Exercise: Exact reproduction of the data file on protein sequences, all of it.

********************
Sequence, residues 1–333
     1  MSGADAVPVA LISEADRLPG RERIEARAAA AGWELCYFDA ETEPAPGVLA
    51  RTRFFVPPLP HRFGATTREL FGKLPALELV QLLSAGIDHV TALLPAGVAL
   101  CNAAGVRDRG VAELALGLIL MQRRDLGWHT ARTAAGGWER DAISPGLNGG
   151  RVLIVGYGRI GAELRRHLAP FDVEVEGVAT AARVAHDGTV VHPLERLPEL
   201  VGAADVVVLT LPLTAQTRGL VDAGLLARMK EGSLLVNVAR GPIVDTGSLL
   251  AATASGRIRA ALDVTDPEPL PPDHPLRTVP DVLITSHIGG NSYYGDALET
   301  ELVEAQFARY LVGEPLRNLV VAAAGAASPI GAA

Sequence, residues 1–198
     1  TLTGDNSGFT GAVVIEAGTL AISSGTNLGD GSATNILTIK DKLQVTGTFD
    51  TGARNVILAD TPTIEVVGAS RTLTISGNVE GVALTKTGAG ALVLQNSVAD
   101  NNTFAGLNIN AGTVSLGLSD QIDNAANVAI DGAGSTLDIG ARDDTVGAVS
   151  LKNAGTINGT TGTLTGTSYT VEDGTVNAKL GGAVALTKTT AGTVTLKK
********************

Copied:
Sequence, residues 1–333
     1  MSGADAVPVA LISEADRLPG RERIEARAAA AGWELCYFDA ETEPAPGVLA
    51  RTRFFVPPLP HRFGATTREL FGKLPALELV QLLSAGIDHV TALLPAGVAL
   101  CNAAGVRDRG VAELALGLIL MQRRDLGWHT ARTAAGGWER DAISPGLNGG
   151  RVLIVGYGRI GAELRRHLAP FDVEVEGVAT AARVAHDGTV VHPLERLPEL
   201  VGAADVVVLT LPLTAQTRGL VDAGLLARMK EGSLLVNVAR GPIVDTGSLL
   251  AATASGRIRA ALDVTDPEPL PPDHPLRTVP DVLITSHIGG NSYYGDALET
   301  ELVEAQFARY LVGEPLRNLV VAAAGAASPI GAA

Sequence, residues 1–198
     1  TLTGDNSGFT GAVVIEAGTL AISSGTNLGD GSATNILTIK DKLQVTGTFD
    51  TGARNVILAD TPTIEVVGAS RTLTISGNVE GVALTKTGAG ALVLQNSVAD
   101  NNTFAGLNIN AGTVSLGLSD QIDNAANVAI DGAGSTLDIG ARDDTVGAVS
   151  LKNAGTINGT TGTLTGTSYT VEDGTVNAKL GGAVALTKTT AGTVTLKK